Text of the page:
Air-source heat pumps have been used for residential and commercial heating and cooling for many years. Such units rely on air-to-air heat exchange through evaporator units similar to those used for air conditioners.
More recent heat pump technology relies on circulating a refrigerant through buried copper tubing for heat exchange. These units rely on the constancy of the ground temperature below the frost level (about 55° F) for heat transfer and are considerably more efficient than their air-source counterparts. They are known variously by such terms as ground source, earth-coupled, direct exchange or geothermal.
The most efficient ground source heat pumps use ACR, Type L or special-size copper tubing buried in the ground to transfer heat to or from the conditioned space. The flexible copper tube (typically 1/4-inch to 5/8-inch) can be buried in deep vertical holes, horizontally in a relatively shallow grid pattern, in a vertical fence-like arrangement in medium-depth trenches, or as custom configurations suited to the installation.
The ground source or geothermal heat pump has been recognized as having superior efficiency to the standard air units because the ground is almost always at a more favorable temperature than the ambient air. For example, when outside air temperature is 10 F, the ground temperature six feet under the surface may be about 40 degrees F. Again, since the heat pump efficiency is a function of the temperature difference, the geothermal system will be superior. In this case, for example, the temperature difference for the air unit will be 65 F (assuming 75 F inside temperature) but for the ground unit the temperature difference will be 75 - 40 = 35 F.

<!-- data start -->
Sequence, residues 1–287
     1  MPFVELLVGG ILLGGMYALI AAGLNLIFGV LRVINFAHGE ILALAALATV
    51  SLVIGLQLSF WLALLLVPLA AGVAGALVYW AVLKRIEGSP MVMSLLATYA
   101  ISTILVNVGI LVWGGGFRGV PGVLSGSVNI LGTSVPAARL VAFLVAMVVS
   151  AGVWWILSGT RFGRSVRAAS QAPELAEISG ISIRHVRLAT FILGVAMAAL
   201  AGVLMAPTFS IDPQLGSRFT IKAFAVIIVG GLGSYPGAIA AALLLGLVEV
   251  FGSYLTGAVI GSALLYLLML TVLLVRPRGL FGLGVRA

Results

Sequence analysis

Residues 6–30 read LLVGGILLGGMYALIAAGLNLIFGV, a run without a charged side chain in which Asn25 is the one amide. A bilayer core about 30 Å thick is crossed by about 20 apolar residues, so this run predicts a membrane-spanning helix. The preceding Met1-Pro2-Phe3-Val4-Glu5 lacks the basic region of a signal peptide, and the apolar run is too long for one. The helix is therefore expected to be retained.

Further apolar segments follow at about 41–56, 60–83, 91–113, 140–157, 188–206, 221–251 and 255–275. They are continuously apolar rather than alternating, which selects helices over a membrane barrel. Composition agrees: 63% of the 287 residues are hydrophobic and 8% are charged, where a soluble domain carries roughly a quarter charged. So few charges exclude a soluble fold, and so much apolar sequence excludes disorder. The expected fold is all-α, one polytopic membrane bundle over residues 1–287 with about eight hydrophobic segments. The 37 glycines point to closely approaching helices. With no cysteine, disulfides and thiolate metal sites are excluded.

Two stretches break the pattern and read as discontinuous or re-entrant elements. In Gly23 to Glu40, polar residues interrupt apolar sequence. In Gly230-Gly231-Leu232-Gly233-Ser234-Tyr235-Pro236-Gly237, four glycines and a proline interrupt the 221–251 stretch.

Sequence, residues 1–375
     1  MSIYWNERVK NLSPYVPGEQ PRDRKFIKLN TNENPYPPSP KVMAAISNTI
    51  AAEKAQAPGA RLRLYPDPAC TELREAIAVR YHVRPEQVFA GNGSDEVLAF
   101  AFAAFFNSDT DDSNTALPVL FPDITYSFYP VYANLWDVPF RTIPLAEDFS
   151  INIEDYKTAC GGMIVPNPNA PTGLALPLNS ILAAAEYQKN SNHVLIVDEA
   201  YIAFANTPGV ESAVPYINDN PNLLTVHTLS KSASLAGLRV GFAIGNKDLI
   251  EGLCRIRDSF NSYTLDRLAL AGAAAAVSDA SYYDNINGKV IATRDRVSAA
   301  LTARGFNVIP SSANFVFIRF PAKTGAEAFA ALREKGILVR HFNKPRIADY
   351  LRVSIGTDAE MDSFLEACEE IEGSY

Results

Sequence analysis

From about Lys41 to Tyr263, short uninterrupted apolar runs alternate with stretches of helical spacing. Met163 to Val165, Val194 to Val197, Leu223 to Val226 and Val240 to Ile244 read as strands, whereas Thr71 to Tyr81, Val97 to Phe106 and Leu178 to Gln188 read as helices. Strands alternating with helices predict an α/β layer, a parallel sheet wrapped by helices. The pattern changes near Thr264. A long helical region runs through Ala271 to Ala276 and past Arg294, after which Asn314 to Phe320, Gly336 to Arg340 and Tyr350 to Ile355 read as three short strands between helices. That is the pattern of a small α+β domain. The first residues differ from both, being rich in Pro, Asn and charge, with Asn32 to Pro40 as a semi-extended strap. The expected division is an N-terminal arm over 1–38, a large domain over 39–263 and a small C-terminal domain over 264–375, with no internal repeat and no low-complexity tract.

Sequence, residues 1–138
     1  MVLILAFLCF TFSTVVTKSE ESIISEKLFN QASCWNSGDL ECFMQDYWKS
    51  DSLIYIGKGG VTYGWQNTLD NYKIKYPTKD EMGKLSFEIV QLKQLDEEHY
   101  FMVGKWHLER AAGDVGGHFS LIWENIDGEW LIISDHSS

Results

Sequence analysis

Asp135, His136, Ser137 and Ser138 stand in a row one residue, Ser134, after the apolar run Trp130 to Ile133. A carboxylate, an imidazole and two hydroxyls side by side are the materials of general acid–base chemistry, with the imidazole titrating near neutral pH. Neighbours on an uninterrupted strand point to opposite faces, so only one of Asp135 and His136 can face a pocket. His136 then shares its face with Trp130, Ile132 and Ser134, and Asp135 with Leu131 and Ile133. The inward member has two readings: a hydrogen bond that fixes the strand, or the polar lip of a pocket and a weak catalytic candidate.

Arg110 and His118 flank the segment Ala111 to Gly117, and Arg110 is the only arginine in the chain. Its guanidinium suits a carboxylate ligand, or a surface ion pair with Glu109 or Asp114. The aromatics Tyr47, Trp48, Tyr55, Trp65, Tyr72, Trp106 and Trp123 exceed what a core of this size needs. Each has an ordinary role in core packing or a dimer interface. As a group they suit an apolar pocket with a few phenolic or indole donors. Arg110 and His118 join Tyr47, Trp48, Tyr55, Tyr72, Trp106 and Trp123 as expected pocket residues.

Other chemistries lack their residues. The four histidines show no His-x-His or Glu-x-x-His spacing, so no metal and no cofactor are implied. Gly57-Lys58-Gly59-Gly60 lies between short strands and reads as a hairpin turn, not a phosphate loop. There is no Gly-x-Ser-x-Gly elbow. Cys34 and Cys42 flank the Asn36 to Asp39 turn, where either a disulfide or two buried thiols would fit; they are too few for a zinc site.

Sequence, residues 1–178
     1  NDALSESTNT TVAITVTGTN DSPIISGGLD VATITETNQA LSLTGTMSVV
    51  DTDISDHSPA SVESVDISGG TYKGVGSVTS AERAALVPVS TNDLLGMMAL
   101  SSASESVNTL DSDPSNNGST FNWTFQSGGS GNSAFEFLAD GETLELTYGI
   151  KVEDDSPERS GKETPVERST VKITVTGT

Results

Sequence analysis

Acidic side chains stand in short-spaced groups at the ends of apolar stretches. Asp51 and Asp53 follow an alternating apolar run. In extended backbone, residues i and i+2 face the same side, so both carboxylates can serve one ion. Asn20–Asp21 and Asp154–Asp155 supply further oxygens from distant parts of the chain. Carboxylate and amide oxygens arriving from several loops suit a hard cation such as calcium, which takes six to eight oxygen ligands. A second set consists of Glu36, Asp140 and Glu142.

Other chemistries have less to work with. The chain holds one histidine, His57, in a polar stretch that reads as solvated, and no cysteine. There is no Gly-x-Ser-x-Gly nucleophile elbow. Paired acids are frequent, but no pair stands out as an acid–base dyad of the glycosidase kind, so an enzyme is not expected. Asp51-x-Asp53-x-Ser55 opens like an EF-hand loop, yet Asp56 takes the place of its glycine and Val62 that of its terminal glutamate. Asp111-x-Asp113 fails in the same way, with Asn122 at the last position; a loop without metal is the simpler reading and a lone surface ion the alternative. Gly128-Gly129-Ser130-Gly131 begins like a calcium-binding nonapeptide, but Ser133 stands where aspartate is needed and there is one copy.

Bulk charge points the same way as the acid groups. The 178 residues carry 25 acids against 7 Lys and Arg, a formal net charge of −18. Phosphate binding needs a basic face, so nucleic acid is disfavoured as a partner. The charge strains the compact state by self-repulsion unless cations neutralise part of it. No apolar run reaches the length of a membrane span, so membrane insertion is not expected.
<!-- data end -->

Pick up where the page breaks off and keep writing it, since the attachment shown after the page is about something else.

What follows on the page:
Geothermal heat pump installations involve placing pipes in the ground and circulating a fluid within the pipes to extract the heat. Arrangements can be pipes laid horizontally in a pit or trench or placed vertically in holes drilled into the earth.
The direct exchange geothermal (DXG) heat pump utilizes buried copper pipe filled with circulating refrigerant to remove heat from the earth. It does not require an additional pump to move the refrigerant through the ground or any intermediate heat exchanger. The direct exchange technology is new and has exciting possibilities. In tests performed to date, the DXG system has reduced residential heating and cooling bills by as much as half. Since the technology is new, system improvements are expected which will produce even greater savings.
The number of manufacturers which can supply commercial and residential ground source units is constantly growing. Contact the CDA to obtain the current listing.
CDA has also set up a special section - DX Geothermal Heat Pump - to provide additional information on these systems.